Project : evasion
Section: New Results
Applications covered by this year's results
The above sections presented our research in terms of fundamental tools, models and algorithms. A complementary point of view is to describe it in terms of application domains. The following sections describe our contribution to each of these domains, with reference to the tools we relied on if they were already presented above.
Interactive modelling systems
Several of the tools we are developing are devoted to a new generation of interactive modelling systems:
The multi-resolution subdivision surfaces presented in section 6.1.1 have been used for interactive multi-resolution modelling;
The real-time physically-based model for virtual clay presented in section 6.3.2 is dedicated to a sculpting system as close as possible to interaction with real-clay: in the context of Guillaume Dewaele's thesis, co-advised by Radu Horaud from the MOVI group, the virtual clay model is currently being combined with a vision interface for capturing the motion of the user's hands. So our clay model will be directly sculpted by fingers, making it usable for any artist, or even as an educational tool for small children.
The expansion textures developed by Jean Combaz (see section 6.3.1) aim at offering high or middle-level tools to graphics users to design complex shapes such as wrinkles and folds.
Lastly, the work of our external collaborator, Alexis Angelidis, at the University of Otago, is dedicated to interactive sculpting using space deformations: an initial shape is progressively edited using reversible fold-over free deformations, specified by swept user-defined tools .
Synthesis of natural sceneries
The diverse fundamental tools we are developing can be combined to allow the large scale specification (see section 6.2.2), efficient rendering (see sections 6.1.4, 6.2.1) and animation (see section 6.2.4) of vegetation (prairies, trees, forest, etc). These elements are currently used in the Vertigo project, enabling industrial transfer of our research results (see section 7.1).
Our work on fluid animation also applies to the synthesis of natural sceneries, as in the case of avalanche simulations we described in section 6.4.2, that were used in a local project with scientists from other disciplines (see section 8.2.1 and ). The advected textures (see section 6.4.1), aimed at adding animated details to any kind of fluid simulation, could be used to improve the rendering of our avalanches.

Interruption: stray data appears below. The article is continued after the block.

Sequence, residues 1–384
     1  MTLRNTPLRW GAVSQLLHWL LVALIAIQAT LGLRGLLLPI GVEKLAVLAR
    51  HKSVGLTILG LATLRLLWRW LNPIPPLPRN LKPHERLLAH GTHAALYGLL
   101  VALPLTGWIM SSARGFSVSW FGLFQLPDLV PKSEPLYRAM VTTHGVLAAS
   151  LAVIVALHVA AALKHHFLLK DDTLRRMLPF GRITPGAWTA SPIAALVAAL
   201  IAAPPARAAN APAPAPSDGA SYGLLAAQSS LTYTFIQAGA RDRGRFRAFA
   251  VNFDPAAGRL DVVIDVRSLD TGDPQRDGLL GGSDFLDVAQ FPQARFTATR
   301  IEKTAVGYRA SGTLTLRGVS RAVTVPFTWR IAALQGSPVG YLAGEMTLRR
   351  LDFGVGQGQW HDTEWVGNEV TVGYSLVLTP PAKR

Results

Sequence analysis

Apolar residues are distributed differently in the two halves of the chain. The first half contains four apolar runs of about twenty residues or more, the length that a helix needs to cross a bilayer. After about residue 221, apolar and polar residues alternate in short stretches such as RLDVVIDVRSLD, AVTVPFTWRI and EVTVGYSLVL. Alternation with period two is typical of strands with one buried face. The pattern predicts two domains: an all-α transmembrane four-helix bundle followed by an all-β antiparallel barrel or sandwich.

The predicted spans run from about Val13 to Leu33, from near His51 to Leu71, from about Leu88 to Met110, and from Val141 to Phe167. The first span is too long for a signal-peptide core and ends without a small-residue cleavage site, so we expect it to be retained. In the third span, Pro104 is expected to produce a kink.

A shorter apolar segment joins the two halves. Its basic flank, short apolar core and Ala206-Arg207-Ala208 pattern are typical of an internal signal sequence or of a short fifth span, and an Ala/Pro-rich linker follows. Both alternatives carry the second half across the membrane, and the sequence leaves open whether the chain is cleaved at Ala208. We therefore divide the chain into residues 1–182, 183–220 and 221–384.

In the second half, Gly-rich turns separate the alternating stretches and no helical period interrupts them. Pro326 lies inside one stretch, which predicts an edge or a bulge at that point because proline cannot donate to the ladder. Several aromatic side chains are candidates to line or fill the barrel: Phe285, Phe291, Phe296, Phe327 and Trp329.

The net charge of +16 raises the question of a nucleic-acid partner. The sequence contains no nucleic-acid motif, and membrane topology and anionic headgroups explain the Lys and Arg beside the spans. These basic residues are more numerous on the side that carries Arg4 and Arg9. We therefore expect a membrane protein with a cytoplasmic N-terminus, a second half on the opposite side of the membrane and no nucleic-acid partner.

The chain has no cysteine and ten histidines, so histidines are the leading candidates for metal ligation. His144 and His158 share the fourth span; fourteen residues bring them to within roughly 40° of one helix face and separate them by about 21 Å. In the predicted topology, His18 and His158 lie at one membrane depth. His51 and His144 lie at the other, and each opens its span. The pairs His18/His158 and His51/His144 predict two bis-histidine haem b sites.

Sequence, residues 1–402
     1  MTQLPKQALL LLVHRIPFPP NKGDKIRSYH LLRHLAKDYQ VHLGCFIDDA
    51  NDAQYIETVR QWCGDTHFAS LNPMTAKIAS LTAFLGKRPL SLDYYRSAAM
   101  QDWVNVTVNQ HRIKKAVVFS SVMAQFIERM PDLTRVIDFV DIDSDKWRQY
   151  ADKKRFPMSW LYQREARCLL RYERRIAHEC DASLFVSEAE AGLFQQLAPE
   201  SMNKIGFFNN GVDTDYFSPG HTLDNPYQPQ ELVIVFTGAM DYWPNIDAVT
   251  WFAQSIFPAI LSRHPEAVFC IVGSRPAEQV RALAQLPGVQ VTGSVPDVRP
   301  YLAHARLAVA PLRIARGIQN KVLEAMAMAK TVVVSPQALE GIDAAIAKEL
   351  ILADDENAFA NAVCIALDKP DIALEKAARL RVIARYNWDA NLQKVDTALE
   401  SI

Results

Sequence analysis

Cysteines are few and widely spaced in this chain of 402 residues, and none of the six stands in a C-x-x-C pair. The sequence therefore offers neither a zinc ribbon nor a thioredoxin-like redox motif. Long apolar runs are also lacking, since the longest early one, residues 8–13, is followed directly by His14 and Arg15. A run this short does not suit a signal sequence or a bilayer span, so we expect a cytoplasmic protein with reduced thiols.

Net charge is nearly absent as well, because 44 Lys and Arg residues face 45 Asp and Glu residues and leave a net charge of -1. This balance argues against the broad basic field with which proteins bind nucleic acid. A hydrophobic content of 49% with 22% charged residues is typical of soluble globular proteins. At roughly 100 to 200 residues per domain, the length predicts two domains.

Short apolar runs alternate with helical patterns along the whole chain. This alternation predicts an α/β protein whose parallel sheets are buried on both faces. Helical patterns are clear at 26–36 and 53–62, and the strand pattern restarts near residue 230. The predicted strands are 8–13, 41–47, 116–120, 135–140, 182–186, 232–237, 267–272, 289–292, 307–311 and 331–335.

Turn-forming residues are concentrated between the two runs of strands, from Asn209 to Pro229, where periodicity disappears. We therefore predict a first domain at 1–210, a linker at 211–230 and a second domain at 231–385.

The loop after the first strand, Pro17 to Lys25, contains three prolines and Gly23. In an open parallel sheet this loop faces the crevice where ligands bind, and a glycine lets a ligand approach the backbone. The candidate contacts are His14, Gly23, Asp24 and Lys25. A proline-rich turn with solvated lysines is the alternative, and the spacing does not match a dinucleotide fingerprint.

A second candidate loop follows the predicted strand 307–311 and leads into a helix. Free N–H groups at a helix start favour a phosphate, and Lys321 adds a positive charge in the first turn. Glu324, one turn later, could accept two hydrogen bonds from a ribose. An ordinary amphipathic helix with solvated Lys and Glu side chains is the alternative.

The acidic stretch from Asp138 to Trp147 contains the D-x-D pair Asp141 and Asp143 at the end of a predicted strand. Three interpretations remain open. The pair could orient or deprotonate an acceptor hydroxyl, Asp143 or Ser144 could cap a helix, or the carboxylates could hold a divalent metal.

Lastly, the specification of complete natural sceneries is one of the aims of the Dereve II project (see section 8.1.1).
Some of our work on geometric modelling and physically-based animation has been successfully applied to the medical domain:
Firstly, the multi-resolution implicit representation (see section 6.1.3) we have developed provides an intuitive understanding of shapes, which is useful in anatomical applications. In addition to our use of this representation in a surgical simulator , we are planning to rely on this model for a new collaboration with the Anatomy lab at the Medicine Faculty of Grenoble, set up at the occasion of Olivier Palombi's PhD.
Secondly, our tools for efficient physically-based simulation, and in particular our new contributions to collision detection and response (see section 6.3.4), have been used for real-time simulation of intestinal surgery (see section  ), in the context of a project funded by INRIA (see section 8.2.2).
Animation of virtual creatures
Several of our new models and algorithms contribute to the animation of virtual creatures. This includes our work on motion capture from video (general body motion, faces, and body deformations, see section 6.5); the procedural method we developed for adding skin details (see section 6.2.3); the physically-based animation tools (sections 6.3.4 and 6.3.5) that we are currently applying to the simulation of virtual garments; and our adaptive animation algorithm for efficiently computing hair motion (see 6.4.3).
Except for the extraction of an animal's global motion from video, all these contributions are developed within projects with industrial partners (see Virtual Actors RIAM project section 7.3, 7.4 and RNTL PARI project section 7.2).